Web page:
early December, has also been out of service since October 1 983. The 305 1 was retired in September 1 983 and has been stored unser viceable along with the rest of WP's U30B fleet. Number 708 was taken out of service in June 1 984. Finally, GP9 727 (built in Sep tember 1 955) was donated to the City of Elko, Nevada, where it will join WP caboose 437 on display in one of the desert city's parks. The 727, retired in February 1 984, will be the first WP Diesel locomotive to be put on static display. With the beginning of 1 985, the 40th anni versary of the founding of the Bay Area
Electric Railroad Assn. and the 25th year
EdW'ard Hamm, Jr.

I t's back in a 1 985 E d ition to celebrate Fresno's Centen n i a l !
C alifornia 's San Joaquin Valley ra isin capital enjoyed a splen did trolley era on a system built by traction tycoon Henry E . H untington and run by the giant S. P. B reez y Ca liforn ia ca rs, a group of ungainly "Dragon" stepless cars and a fleet of B irney Sa fety Cars.

of its Rio Vista Junction, Calif., museum site,
Museum r eplaces C alifornia Railway

the name T he Western Railway

Museum, r eports BAERA Chairman of the

Board Harre W. Demoro. One reason for the change was persistent conf usion with the California State Railroad Museum at Sacramento, established many years later. Rio Vista Junction o r T he Junction will be used as references of the museum's premises. The Feather River Rail S ociety is pub lishing the bi-monthly The Train Sheet with articles about Western Pacific subjects. This growing museum is at Portola, Calif. Write to them at PO Box 1 1 04, Portola CA 9 6 1 22 for further details. The bodies of many streetcars became houses all over the land, and OERM has come across a S an Diego Electric Railway " Exposition" center-door car (No. 1 67) at EI Cajon, Calif. It had just been vacated by the tenants as the lot was to be cleared f apart or ments, so the volunteers removed it to the museum's premises at Perris, Calif., o n November 3.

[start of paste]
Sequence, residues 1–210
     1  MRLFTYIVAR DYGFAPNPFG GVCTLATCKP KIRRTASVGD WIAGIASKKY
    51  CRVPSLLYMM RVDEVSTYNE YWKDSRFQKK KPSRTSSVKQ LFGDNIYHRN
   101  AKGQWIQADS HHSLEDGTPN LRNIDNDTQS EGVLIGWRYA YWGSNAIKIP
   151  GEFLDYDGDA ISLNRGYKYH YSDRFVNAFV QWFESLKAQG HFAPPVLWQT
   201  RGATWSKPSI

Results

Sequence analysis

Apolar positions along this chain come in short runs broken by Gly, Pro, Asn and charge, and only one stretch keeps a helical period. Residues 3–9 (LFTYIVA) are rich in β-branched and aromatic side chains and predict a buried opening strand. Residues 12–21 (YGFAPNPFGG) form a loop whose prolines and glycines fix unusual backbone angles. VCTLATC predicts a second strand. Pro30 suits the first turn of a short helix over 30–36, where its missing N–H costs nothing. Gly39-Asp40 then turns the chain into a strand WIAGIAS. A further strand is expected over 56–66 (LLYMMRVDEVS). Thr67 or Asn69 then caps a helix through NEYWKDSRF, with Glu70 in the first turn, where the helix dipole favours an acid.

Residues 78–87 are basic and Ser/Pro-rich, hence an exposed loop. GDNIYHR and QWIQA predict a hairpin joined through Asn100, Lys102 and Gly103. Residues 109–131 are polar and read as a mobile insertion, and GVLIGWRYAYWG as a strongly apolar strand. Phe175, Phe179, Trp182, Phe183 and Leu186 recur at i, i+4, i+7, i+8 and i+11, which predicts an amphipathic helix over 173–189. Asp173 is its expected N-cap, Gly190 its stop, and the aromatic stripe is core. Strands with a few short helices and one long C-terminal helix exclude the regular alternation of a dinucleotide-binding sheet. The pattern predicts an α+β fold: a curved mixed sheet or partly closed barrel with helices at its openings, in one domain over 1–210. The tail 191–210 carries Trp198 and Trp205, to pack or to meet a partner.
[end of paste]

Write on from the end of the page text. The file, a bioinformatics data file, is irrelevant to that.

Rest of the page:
W H E N F R E S N O RODE T H E R A I L S ( S p e c i a l 73) b y Edward Hamm, J r. 80 pp, 1 1 0 p hotos, maps, diagrams. 8 V X1 1 " softcover. LI M I TE D 2 edition. NOW READY.
( add 8SQ: post./handling) C al if. residents please add 6% sales tax AVA I LA B LE AT YO U R FAVORITE BOOK D E A L E R O r D i rect From

$ 1 2.95

I NTERURBAN PRE SS
P .o. Box 6444 G l enda l e , CA 9 1 205

PACIFIC NEWS 33